Don’t judge a book by its cover, as they say.
The graphical user interface is an inferior factor. There are much more important things to consider: like system architecture, offline and online accessibility, speed, set of features. By the way, in most cases the user interface can be upgraded to meet your style and preferences.
When you see a demo, find out if it’s a demo setup you are seeing, or an actual working system. Is the demo computer more powerful than the hardware your employees will be using? Is the internet connection similar? Are you prepared to upgrade your hardware, if necessary?
With demos, make it hands-on. Ask one of your front desk employees for an opinion. Your IT guy probably knows how to handle any software, but all your employees might not be so computer literate. The interface must be as intuitive as possible, as this saves your business countless working hours.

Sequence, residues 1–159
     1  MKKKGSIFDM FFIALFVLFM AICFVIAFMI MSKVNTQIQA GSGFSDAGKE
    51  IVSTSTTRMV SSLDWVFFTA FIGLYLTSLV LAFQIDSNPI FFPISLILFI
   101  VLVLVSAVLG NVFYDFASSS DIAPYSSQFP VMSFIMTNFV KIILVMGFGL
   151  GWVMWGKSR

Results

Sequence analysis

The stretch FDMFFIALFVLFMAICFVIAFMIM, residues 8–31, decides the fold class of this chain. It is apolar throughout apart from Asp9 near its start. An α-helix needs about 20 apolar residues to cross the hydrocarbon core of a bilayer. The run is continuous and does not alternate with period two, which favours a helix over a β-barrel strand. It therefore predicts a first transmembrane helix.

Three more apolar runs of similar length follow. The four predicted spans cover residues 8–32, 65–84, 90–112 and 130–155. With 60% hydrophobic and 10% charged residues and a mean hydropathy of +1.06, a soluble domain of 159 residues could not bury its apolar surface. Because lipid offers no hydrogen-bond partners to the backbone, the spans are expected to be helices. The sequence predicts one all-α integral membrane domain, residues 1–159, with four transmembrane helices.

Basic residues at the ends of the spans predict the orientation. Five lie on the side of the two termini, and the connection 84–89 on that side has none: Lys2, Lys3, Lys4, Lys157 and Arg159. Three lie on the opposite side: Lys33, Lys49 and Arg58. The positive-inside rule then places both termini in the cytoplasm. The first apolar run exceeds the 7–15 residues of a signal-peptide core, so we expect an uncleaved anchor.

The hands-on demo was good? Now it’s time for a trial run, preferably in several devices and real working conditions. Try to input or export data to see how the system handles the data flow.
Actually, we even suggest starting from the trial version; many software vendors offer it without a demonstration run. Look and feel are not so important; a great software tool is designed for heavy use and scalability; your employees will get used to it quickly, and it improves their workflow.